Government announces increase to threshold for statutory demands and the time period to respond. Also mooted is reduction in personal liability for directors of companies trading while insolvent.

March 22, 2020 |

As part of the Government’s second stage relief package it has announced that it will amend the Corporations Act 2001 to:

  • increase the threshold for issuing a statutory demand from $2,000 to $20,000; and
  • extend the time within which to apply to set aside a statutory demand from 21` days to 6 months.

The Prime Minister’s media statement of earlier today relevantly provides:

The Government is temporarily increasing the threshold at which creditors can issue a statutory demand on a company and the time companies have to respond to statutory demands they receive. The package also includes temporary relief for directors from any personal liability for trading while insolvent.  The Corporations Act 2001 will be amended to provide temporary and targeted relief for companies to deal with unforeseen events that arise as a result of the Coronavirus.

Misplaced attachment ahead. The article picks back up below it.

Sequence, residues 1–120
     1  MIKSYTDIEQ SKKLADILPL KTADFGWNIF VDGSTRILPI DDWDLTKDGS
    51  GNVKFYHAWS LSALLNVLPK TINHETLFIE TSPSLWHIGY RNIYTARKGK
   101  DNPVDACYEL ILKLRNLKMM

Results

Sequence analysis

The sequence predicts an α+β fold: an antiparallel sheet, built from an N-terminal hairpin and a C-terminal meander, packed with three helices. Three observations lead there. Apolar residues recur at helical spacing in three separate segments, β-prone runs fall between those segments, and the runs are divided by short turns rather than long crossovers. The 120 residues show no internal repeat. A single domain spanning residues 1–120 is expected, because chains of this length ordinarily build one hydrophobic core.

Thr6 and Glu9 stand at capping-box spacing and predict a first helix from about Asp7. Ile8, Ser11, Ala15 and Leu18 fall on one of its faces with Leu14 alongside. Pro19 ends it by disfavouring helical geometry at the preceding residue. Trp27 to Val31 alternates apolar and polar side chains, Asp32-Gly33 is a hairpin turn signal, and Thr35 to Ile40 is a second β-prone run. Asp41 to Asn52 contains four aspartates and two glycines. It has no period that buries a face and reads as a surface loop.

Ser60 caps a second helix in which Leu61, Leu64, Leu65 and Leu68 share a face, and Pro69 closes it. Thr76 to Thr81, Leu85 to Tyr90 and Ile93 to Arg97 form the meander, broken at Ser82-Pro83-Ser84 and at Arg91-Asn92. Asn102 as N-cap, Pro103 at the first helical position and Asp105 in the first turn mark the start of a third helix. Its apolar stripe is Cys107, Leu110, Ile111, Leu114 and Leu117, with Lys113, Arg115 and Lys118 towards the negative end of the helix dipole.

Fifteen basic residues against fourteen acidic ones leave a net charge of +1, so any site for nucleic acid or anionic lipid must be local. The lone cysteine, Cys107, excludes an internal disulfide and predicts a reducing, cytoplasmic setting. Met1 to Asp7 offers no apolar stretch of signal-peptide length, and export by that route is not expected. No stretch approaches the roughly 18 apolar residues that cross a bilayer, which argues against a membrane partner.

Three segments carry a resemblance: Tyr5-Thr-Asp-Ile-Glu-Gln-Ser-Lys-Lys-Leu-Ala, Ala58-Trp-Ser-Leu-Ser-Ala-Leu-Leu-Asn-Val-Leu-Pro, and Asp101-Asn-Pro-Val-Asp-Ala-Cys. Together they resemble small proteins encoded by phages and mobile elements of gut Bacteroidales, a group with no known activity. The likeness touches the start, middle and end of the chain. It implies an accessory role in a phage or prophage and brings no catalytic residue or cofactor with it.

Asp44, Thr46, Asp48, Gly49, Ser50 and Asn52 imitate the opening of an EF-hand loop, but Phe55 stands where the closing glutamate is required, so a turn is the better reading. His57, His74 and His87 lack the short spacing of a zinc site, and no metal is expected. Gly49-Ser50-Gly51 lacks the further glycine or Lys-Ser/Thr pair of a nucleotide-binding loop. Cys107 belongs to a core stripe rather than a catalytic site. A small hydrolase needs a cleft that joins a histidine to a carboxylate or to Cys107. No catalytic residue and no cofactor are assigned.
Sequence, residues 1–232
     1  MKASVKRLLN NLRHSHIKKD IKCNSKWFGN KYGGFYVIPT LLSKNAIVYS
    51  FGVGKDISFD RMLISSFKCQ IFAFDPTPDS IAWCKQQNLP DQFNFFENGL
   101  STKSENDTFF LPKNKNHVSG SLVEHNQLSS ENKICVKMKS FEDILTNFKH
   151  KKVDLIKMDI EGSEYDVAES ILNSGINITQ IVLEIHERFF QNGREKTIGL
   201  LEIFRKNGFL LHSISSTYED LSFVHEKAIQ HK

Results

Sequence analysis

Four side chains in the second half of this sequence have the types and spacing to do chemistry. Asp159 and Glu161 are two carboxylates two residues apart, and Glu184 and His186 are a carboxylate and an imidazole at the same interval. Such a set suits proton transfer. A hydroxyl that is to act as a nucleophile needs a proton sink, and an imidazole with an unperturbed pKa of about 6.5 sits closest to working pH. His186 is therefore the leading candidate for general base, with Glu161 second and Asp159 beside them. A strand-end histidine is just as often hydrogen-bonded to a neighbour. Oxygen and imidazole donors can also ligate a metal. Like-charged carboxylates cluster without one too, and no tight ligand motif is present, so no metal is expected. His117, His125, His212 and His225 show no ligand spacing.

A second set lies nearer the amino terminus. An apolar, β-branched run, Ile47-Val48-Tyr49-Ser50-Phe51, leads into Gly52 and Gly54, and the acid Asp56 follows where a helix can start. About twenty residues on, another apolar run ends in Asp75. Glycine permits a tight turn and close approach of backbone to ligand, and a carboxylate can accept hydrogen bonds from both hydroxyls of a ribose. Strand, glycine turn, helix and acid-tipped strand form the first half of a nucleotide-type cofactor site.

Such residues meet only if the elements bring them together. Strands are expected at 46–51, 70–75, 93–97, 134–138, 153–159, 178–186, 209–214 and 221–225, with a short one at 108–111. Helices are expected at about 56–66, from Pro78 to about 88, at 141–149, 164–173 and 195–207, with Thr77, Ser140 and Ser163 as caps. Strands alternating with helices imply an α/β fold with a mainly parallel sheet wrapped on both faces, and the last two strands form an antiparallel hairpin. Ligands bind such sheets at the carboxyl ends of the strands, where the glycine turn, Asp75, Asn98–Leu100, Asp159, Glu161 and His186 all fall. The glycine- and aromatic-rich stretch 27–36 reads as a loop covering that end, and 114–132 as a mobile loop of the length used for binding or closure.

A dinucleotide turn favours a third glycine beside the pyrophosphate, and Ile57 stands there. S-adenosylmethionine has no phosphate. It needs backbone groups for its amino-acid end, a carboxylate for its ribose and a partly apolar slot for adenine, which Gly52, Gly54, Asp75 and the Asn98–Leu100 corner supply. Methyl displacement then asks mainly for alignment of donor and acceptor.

(Emphasis added_

No details have been provided as to what is meant by relief from liability of directors who may trade while insolvent.  It is too cryptic at this stage.  

The pressure of receiving a statutory demand for relatively small debts is lifted, for the time being.  The threshold of $ 20,000 remains within the scope of many existing statutory demands.  Statutory demands for sums a little over $2,000 are issued but they do not make up the majority of statutory demands. 

The sting of statutory demands has been dulled by the long period within which an application to set it aside can be made, now being 6 months.  For those who use statutory demands to get a prompt payment for a (usually uncomplicated) debt from a company, a common motivation, this reduces its attractiveness. 


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